Definitions for washoutˈwɒʃˌaʊt, ˈwɔʃ-
This page provides all possible meanings and translations of the word washout
the channel or break produced by erosion of relatively soft soil by water
"it was several days after the storm before they could repair the washout and open the road"
the erosive process of washing away soil or gravel by water (as from a roadway)
"from the house they watched the washout of their newly seeded lawn by the water"
flop, dud, washout(noun)
someone who is unsuccessful
An act of washing something out, or an appliance or device for doing so.
The cleaning of matter from a physiological system using a fluid.
The action whereby falling rainwater clean particles from the air.
A channel produced by the erosion of a relatively soft surface by a sudden gush of water.
A disappointment or total failure; an unsuccessful person.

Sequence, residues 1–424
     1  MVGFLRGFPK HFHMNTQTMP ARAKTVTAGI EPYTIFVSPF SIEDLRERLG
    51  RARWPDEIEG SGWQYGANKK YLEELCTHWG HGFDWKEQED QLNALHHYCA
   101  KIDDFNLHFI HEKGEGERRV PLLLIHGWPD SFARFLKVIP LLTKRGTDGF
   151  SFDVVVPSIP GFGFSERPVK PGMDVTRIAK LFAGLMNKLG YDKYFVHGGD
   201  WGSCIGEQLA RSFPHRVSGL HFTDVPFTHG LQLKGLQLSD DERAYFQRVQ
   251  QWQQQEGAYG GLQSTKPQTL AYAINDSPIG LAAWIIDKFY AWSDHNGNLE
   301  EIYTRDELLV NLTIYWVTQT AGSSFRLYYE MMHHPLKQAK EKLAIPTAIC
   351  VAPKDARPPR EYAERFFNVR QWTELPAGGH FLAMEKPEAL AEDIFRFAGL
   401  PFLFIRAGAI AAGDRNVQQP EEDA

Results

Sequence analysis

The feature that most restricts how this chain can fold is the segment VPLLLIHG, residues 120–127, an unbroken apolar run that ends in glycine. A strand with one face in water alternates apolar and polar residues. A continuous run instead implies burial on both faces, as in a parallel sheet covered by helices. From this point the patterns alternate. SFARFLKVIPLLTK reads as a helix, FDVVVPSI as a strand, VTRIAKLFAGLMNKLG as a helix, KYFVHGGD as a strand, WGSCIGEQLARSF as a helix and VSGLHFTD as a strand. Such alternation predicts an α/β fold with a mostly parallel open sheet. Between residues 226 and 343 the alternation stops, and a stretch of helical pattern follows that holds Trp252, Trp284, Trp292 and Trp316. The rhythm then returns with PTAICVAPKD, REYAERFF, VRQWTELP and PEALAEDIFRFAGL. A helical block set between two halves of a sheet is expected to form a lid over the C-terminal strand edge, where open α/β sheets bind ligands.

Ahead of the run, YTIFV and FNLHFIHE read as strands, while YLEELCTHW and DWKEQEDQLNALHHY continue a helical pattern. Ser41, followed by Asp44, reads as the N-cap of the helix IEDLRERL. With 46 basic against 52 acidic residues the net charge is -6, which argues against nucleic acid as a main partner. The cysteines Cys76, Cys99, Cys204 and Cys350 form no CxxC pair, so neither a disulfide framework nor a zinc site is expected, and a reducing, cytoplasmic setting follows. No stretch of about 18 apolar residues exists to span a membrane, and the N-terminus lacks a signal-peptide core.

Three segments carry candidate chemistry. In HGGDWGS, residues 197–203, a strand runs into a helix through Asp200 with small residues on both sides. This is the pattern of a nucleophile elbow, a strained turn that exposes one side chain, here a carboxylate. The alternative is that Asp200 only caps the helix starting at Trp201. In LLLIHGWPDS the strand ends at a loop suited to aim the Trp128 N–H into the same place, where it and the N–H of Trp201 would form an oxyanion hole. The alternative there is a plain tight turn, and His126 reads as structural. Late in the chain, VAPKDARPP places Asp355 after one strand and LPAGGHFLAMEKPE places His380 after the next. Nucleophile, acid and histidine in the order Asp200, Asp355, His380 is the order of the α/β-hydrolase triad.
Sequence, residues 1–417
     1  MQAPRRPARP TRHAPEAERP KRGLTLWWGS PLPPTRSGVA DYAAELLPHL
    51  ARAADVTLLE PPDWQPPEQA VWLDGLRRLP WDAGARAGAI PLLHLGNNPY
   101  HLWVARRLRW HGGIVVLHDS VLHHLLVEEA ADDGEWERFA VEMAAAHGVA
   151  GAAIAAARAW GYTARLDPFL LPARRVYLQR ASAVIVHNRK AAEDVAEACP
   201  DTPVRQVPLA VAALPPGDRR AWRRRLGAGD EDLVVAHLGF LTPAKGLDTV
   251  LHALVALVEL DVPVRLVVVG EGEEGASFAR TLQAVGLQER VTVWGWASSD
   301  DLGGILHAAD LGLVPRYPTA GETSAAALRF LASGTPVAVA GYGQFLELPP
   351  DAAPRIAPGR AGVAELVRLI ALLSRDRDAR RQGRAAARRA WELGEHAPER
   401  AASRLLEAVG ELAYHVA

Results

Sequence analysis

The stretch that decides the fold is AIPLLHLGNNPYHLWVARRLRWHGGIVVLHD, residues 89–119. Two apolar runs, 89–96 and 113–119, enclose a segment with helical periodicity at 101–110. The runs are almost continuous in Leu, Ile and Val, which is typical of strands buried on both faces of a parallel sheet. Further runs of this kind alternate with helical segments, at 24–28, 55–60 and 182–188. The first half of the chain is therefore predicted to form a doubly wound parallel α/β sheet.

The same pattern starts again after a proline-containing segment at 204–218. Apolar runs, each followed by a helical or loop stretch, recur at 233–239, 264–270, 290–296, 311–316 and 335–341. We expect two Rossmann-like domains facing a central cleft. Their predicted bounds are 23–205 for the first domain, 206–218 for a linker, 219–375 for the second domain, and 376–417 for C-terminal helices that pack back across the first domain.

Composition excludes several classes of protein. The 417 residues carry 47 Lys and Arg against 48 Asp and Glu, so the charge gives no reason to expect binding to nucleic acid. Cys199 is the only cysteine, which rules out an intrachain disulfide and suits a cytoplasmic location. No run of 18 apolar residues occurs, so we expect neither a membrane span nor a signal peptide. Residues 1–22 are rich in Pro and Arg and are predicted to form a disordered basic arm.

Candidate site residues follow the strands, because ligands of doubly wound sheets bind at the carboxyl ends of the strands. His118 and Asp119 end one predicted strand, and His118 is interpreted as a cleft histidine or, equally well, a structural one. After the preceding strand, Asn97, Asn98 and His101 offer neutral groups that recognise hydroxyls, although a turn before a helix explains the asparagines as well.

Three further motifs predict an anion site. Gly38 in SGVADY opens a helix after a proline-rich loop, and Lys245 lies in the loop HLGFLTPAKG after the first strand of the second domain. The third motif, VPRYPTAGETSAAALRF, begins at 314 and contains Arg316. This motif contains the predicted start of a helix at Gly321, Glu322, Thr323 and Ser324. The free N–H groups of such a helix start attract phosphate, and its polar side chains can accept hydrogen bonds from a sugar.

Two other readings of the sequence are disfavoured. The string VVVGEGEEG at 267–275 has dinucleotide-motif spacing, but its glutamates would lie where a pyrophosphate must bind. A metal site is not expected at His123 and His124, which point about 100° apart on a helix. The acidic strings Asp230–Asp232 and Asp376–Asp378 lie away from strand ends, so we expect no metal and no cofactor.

A sporting fixture that could not be completed because of rain.
The aerodynamic effect of a small twist in the shape of an aircraft wing
Origin: From the verb wash out.
the washing out or away of earth, etc., especially of a portion of the bed of a road or railroad by a fall of rain or a freshet; also, a place, especially in the bed of a road or railroad, where the earth has been washed away
A washout is the sudden erosion of soft soil or other support surfaces by a gush of water, usually occurring during a heavy downpour of rain or other stream flooding. These downpours may occur locally in a thunderstorm or over a large area, such as following the landfall of a tropical cyclone. If a washout occurs in a crater-like formation, it is called a sinkhole, and it usually involves a leaking or broken water main or sewerage pipes. Other types of sinkholes, such as collapsed caves, are not washouts. Widespread washouts can occur in mountainous areas after heavy rains, even in normally dry ravines. A severe washout can become a landslide, or cause a dam break in an earthen dam. Like other forms of erosion, most washouts can be prevented by vegetation whose roots hold the soil and/or slow the flow of surface and underground water. Deforestation increases the risk of washouts. Retaining walls and culverts may be used to try and prevent washouts, although particularly severe washouts may even destroy these if they are not large or strong enough.
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